CARY, N.C. (WTVD) -- Imagine paying thousands of dollars worth of repairs all after just buying a car. It's the reality many drivers are facing right now with the low supply of used cars on the market.
Amanda Outland is one of those shoppers who were desperate to find a reliable car. She finally found one on a used car lot and paid more than $13,000 for it.
"When I found this one, it was kind of one of the only available that I could afford," Outland said. "I trusted that it was in good condition."
However, soon after buying the SUV, she said, "It started making a lot of noise, jerking, losing power, essentially it would not go up hills."
After taking it to several shops, Outland learned the car she just bought needed a new transmission, plus other repairs to a tune of $8,000-$10,000.
"What am I going to do? There's no way you know, I can't afford to fix it," Outland said.
Since she bought the car "As Is," the place she bought it from wouldn't help.
"We have nothing to say. You bought it, you signed, good luck," she said she was told.
Outland is not alone as Troubleshooter Diane Wilson continues to hear from dozens of viewers monthly who recently bought used cars.
"It's like an epidemic. We didn't see it before the pandemic," said Steve Sargent, the owner of Mr. Transmission in Cary. "I think it's an effect of very few new cars available. The used cars are what everyone's vying for them and the prices have gone up."
Sargent said a key step used-car buyers should do before buying any used car, is to take the vehicle to a mechanic they trust and have it checked out.
"Estimate the cost of the repairs to get the car up to the standard and then its negotiating ability, if you will, with a used car dealership to say hey, it needs $1,500 worth of work," Sargent said. "I'll give you this number and you can kind of negotiate a better purchase."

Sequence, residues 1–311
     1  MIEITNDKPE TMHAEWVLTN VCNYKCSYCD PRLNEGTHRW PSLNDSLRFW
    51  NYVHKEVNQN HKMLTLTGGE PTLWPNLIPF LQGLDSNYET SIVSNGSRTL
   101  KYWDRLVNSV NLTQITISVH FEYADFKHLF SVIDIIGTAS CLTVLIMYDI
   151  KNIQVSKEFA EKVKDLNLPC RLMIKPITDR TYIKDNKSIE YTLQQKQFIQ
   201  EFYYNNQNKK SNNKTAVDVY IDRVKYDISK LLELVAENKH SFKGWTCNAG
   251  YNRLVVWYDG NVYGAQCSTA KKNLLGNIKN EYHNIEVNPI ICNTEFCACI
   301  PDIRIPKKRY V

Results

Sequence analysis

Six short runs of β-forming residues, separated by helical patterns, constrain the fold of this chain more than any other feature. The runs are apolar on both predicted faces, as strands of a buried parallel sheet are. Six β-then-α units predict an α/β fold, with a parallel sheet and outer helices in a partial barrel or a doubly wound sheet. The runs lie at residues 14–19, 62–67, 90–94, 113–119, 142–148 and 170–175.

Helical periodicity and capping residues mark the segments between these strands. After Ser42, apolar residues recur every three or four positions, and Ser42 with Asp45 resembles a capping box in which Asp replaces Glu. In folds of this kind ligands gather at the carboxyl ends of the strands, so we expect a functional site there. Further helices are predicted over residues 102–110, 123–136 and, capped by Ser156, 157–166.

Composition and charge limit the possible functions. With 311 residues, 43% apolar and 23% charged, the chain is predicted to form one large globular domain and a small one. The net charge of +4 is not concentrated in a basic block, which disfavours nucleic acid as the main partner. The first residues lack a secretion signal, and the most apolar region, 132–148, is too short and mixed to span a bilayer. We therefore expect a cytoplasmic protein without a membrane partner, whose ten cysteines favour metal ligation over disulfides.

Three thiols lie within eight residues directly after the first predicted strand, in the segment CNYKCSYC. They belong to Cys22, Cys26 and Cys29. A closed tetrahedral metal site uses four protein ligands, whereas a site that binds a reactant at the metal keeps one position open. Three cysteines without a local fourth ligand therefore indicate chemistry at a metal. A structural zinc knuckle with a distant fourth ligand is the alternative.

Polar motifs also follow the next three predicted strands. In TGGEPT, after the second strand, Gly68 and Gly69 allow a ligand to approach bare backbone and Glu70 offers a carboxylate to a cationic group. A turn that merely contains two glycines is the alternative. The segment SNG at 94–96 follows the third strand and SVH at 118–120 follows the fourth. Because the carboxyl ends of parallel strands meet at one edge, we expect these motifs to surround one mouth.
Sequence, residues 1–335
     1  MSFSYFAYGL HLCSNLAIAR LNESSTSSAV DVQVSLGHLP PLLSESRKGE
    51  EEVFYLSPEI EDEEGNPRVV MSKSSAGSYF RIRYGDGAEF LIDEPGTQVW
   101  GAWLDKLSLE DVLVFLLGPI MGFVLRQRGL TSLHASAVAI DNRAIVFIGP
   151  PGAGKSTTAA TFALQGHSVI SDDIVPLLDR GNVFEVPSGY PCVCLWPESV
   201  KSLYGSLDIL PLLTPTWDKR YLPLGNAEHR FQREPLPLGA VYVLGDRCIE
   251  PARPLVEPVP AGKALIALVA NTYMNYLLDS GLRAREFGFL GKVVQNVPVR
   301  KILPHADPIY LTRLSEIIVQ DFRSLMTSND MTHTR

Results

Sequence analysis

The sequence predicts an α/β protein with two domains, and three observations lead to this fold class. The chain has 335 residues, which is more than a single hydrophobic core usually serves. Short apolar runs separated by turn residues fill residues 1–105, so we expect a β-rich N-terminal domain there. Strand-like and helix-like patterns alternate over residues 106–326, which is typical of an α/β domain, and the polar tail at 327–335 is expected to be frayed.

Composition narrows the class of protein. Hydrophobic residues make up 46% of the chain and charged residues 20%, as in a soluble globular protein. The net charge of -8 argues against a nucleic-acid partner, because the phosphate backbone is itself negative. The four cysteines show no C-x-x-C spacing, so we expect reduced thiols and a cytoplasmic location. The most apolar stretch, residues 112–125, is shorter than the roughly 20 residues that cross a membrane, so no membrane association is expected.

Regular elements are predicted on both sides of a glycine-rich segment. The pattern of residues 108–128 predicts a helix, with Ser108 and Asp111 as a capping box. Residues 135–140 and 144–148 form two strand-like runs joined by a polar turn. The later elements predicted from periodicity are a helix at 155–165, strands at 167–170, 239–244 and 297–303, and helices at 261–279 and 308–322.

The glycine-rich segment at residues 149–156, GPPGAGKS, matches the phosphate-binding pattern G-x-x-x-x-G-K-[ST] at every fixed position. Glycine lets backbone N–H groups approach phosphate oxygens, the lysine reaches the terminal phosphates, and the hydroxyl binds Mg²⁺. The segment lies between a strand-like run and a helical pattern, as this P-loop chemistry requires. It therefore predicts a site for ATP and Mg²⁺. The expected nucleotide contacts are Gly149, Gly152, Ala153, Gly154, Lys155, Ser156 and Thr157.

After Sargent heard about Outland's troubles with her used car purchase he wanted to help.
"I said I would do it at my cost to try to help her situation because she had limited funds. We put a transmission in it. We put tires on it, new brakes," Sargent said.
That work was a huge relief to Outland and it got her back on the road.
"I wanted to cry when I picked it up," Outland said.
After going through this used-car-buying ordeal, she now has this advice for others: "Definitely have it taken to be looked at and make sure that it's a quality vehicle. I didn't want to pay for someone to look at it, which in retrospect seems, you know, silly now, but it would have saved me a ton of problems."
It costs an average of about $100 for a mechanic to look at it and tell you what's wrong, it's money well spent if they save you from buying a car with thousands of dollars worth of problems. Remember if you buy a car "As Is," the minute you drive off the lot, all of the problems are yours.
'It's like an epidemic': Problems with used cars continue to cost drivers thousands